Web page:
Sports, such as basketball, require individuals to shoot under pressure, and under the observation of others, such as co-actors (other performers), an audience, or a coach. Performing in front of others can be a daunting prospect; athletes may feel the pressure to perform up to a certain standard, but crumble. For some players, this pressure induces adrenalin, motivation, and excitement, whereas for others, fear, worry, and anxiety. This feeling a player has then influences their performance outcome, as to whether they strive to succeed and shoot in a given opportunity, or consciously play to avoid failure and pass the ball.
Theory suggests that some players struggle to execute in these game situations, due to undermining fear of failure, letting others down, and evaluation apprehension. Evaluation apprehension is a theory proposed by Cottrell (1968, 1972), which states that a feeling of anxiety, stimulated by arousal, is created when an audience is perceived as evaluating or judging an individual’s performance. This is especially the case when the person the athlete perceives as judging their performance as a significant other, such as a coach, scout, parent of team captain (Jarvis, 2006). The arousal experienced can inhibit or facilitate performance, depending on the personality and skill level of the individual. Depending on whether the athlete views an audience as socially inhibiting or facilitating, depends on whether evaluation apprehension can motivate an athlete to strive towards success, or perform specifically to avoid failure.
Under a state of high arousal and anxiety produced through the social presence of an evaluative audience, a player may perceive the audiences’ judgements as negative threats, thus creating a fear of embarrassment and failure, and potentially inducing social anxiety (Hogg and Vaughan, 2009). Furthermore, in the state of anxious worrying, negative thoughts are created, such as believing you aren’t as competent as your fellow team-mates. The dominant responses and coping strategies to these scenarios include adopting avoidance behaviour to the situation (such as passing the ball rather than shooting when in an open position). In order for players to avoid the chances of failure, they avoid performing and adopt learned helplessness, because if they do not perform, they can not fail or be perceived as a failure. This is underpinned and influenced by the individual’s self-belief in their skill competence, meaning if the player has little confidence in their ability, avoidance behaviour is likely to be embraced (Ridgers, Fazey, and Fairclough, 2007). On the other hand, if the athletes perceives themselves as being competent and have confidence in their ability, their chance of failing is therefore reduced. This is especially the case for elite and expert performers. This causes achievement behaviour, whereby an individual’s behaviour motivation and goal is to demonstrate to others their high ability (achieve to succeed), rather than avoid demonstrating low ability (achieve to avoid failure) (Nicholls, 1984).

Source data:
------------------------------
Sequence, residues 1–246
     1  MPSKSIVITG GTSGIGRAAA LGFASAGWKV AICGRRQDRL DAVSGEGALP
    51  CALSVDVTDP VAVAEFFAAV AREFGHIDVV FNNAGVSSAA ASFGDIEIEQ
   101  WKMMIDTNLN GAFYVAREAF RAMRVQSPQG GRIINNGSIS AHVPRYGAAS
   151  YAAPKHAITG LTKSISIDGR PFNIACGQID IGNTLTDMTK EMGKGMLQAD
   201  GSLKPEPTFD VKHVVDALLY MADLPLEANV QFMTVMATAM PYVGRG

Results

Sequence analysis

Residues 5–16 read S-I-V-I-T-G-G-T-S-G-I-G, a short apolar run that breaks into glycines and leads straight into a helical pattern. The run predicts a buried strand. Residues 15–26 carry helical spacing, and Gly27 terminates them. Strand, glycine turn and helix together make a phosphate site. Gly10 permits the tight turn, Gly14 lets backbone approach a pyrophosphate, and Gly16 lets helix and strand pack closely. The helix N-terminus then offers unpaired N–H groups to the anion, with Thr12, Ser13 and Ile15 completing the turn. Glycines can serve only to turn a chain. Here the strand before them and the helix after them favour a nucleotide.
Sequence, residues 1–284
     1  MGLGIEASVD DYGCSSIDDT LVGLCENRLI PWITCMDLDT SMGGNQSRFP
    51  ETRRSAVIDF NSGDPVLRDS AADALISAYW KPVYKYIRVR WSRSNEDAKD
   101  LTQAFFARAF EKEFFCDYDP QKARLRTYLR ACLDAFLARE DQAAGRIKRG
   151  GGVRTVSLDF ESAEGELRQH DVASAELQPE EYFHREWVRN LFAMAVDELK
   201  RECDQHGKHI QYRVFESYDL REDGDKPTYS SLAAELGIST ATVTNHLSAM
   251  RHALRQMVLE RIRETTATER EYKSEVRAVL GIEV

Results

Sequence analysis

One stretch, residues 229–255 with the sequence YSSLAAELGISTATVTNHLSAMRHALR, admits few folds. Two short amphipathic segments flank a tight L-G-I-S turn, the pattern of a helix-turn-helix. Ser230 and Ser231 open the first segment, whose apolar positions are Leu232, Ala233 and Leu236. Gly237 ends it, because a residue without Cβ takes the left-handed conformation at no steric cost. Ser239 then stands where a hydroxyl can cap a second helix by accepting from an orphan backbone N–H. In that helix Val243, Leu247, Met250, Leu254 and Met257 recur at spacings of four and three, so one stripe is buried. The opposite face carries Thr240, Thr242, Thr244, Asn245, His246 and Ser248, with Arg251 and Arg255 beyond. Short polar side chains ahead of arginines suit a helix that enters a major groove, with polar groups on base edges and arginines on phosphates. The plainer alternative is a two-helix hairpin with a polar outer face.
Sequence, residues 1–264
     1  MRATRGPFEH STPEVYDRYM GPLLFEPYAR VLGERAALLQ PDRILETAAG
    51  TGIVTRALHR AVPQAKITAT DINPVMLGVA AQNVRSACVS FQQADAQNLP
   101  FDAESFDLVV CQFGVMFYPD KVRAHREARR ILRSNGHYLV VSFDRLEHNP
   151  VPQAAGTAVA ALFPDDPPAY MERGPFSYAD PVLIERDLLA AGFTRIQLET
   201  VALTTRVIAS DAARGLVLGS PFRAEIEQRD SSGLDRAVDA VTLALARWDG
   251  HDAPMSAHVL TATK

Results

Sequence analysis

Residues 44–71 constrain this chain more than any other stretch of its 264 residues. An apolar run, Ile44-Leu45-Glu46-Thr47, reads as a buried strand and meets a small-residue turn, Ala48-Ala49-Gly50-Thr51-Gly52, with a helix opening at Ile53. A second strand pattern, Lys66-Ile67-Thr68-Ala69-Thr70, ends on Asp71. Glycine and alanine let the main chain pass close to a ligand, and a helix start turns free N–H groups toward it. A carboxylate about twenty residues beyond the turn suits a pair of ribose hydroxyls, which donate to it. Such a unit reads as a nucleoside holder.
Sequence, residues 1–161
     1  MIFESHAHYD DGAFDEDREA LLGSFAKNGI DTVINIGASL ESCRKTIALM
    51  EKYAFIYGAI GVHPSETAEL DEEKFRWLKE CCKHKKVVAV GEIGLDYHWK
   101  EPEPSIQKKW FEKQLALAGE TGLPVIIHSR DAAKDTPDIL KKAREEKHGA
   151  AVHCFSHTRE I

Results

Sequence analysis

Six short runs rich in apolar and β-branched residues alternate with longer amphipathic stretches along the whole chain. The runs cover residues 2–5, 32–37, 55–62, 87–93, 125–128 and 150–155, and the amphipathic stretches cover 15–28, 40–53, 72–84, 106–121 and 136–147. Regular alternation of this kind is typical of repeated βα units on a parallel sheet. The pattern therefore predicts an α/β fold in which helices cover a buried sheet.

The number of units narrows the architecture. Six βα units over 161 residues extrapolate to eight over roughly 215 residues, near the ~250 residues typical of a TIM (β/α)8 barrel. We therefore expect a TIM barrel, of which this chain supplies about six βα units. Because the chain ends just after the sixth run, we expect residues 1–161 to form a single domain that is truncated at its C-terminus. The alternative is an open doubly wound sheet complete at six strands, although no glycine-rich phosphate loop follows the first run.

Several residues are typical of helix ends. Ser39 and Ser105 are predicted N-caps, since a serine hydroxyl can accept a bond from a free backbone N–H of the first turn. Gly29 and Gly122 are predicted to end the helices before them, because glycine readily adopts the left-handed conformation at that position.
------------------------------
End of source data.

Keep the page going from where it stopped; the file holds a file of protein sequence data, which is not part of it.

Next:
To conclude, failing or losing is never a nice feeling, especially when performing in front of others. Some players are afraid to shoot and perform due to this fear of failing in front of an evaluative audience. The notion of being negatively judged is highly influential on an individual’s performance, and whether they fight (motivated to achieve) or take flight (avoid failure) against the anxiety. Therefore, evaluation apprehension, combined with personality and confidence in one’s ability, can provide reasoning as to why some players do not execute in a game.